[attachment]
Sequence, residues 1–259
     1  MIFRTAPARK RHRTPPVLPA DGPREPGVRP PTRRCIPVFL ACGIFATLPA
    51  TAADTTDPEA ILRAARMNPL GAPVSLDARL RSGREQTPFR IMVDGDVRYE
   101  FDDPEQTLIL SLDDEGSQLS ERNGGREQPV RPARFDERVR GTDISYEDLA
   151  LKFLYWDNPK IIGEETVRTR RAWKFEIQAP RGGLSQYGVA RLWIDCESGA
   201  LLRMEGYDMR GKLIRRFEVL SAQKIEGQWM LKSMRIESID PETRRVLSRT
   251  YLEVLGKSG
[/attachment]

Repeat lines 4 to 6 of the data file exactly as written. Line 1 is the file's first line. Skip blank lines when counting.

   101  FDDPEQTLIL SLDDEGSQLS ERNGGREQPV RPARFDERVR GTDISYEDLA
   151  LKFLYWDNPK IIGEETVRTR RAWKFEIQAP RGGLSQYGVA RLWIDCESGA
   201  LLRMEGYDMR GKLIRRFEVL SAQKIEGQWM LKSMRIESID PETRRVLSRT